Trial of Modifications to Radical Prostatectomy
Conditions
Prostate Cancer
Conditions: Keywords
radical prostatectomy, anastomotic suturing, lymph node dissection, 11-096
Study Type
Interventional
Study Phase
Phase 3
Study Design
Allocation: Randomized, Endpoint Classification: Safety/Efficacy Study, Intervention Model: Parallel Assignment, Masking: Open Label, Primary Purpose: Treatment
Intervention
Name: Fascial suturing Type: Procedure
Name: Lymph node template Type: Procedure
Overall Status
Recruiting
Summary
This study aims to determine how different ways of performing prostate cancer surgery affect patient outcomes, such as recurrence of cancer or regaining control of bladder function (continence) after surgery. Surgery to remove the prostate is known as a "radical prostatectomy". Surgeons know many things about the best way to do a radical prostatectomy. However, there is uncertainty about some methods of surgery.

All of the surgeons who are taking part in this study have used these techniques at different times. However, they are unsure as to what is the best approach. This trial will evaluate whether the following two aspects of surgical technique influence outcome:

Lymph node template. Prostate cancer can sometimes spread to the lymph nodes near the prostate. Surgeons often remove these lymph nodes to make sure that no cancer is left in the body. However, there is uncertainty about which lymph nodes to remove (the "template"). In particular, not all surgeons think that it is important to remove a large number of lymph nodes. Some believe that prostate cancer found in the lymph nodes is not aggressive. As a result, these surgeons feel that removing additional lymph nodes does not improve the chance that a patient will be cured. In the study patients will either have the standard lymph node dissection or a modified approach.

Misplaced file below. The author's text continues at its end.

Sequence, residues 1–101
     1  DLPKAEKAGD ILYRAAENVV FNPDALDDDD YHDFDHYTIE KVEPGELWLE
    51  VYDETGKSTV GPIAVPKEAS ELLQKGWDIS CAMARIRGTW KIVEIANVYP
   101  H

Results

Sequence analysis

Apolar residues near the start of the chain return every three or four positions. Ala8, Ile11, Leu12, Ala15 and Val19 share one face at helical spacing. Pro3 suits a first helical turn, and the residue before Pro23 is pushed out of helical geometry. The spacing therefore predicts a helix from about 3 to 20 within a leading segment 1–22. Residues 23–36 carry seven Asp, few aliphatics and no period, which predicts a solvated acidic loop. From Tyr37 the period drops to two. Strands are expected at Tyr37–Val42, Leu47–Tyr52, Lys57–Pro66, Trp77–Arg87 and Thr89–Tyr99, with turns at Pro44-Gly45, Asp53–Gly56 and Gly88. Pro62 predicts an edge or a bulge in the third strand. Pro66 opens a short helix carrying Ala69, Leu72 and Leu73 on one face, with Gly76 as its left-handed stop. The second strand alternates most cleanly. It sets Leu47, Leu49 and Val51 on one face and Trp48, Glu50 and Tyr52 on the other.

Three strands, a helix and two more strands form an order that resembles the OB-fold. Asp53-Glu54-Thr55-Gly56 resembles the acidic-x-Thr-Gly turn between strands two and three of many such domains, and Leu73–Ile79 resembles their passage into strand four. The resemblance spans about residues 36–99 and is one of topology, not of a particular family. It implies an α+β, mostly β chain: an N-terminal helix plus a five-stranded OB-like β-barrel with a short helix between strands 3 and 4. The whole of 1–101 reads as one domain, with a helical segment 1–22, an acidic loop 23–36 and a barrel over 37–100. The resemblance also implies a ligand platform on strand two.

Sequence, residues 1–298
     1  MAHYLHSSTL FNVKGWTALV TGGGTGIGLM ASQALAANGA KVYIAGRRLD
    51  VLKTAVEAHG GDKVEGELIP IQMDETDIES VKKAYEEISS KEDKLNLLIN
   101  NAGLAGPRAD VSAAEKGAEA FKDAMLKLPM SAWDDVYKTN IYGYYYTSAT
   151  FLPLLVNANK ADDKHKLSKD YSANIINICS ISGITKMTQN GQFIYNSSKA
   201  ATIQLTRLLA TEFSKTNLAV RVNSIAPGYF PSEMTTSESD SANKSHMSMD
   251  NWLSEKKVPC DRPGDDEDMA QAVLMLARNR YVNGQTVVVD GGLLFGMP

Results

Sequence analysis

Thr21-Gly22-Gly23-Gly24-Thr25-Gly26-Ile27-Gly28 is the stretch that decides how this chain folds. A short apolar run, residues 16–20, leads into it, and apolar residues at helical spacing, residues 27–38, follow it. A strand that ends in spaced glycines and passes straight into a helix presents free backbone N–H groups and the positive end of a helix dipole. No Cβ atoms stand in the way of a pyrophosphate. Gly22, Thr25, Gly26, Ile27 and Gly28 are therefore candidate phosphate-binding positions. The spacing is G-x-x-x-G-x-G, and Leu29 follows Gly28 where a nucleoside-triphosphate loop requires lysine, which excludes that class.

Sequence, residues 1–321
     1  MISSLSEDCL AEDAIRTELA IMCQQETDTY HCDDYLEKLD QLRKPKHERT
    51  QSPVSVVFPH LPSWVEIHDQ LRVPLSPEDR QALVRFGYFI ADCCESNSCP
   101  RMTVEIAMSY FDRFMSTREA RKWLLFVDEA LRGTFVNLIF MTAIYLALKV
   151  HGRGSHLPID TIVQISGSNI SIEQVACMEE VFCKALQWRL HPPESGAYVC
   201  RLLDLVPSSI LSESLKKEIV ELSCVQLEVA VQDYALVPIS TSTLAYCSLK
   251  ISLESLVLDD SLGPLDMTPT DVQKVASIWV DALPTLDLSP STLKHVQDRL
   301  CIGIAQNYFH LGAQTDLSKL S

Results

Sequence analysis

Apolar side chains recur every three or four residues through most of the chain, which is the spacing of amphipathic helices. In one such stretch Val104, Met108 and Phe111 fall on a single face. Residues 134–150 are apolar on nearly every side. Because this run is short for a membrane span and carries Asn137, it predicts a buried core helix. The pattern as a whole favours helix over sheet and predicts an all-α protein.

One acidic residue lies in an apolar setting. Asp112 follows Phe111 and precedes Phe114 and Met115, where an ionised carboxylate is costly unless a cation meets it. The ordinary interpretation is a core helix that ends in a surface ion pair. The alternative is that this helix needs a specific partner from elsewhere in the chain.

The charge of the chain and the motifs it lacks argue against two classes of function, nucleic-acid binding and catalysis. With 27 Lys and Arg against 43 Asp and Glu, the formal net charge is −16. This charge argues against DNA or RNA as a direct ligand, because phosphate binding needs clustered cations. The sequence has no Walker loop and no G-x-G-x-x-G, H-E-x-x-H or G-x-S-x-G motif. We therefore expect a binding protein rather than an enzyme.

Fascial suturing. After surgery, patients can sometimes have long-term urinary incontinence. This is when a patient cannot control urine, and drips or leaks urine. Surgeons believe that what happens to the urethra (the tube that carries urine from the bladder to the penis) during surgery can affect the risk of incontinence. One idea is that additional stitches ("sutures") of the urethra to the connective tissue ("fascia") near the prostate during the surgery could be helpful, but this is not known for sure. In the study patients will either have the additional fascial suturing or no additional suturing.
Criteria for eligibility
Healthy Volunteers: No
Maximum Age: N/A
Minimum Age: 21 Years
Gender: Male
Criteria: Inclusion Criteria:

- Patients do not have to be eligible for both modifications to be included in the study.

Fascial suturing:

- Patients 21 years or older scheduled for radical prostatectomy for the treatment of prostate cancer with one of the consenting surgeons at MSKCC.

Template modification:

- Patients 21 years or older scheduled for radical prostatectomy for the treatment of prostate cancer with one of the consenting surgeons at MSKCC.

Exclusion Criteria:

Fascial suturing:

- No exclusion criteria.

Template modification:

- No exclusion criteria.
Locations
Memorial Sloan Kettering Cancer Center at Basking Ridge
Basking Ridge, New Jersey, United States
Status: Recruiting
Contact: Andrew Vickers, PhD - 646-735-8142
Memorial Sloan Kettering Cancer Center
New York, New York, United States
Status: Recruiting
Contact: Andrew Vickers, PhD - 646-735-8142
Start Date
July 2011
Completion Date
July 2021
Sponsors
Memorial Sloan Kettering Cancer Center
Source
Memorial Sloan Kettering Cancer Center
Record processing date
ClinicalTrials.gov processed this data on July 28, 2015
ClinicalTrials.gov page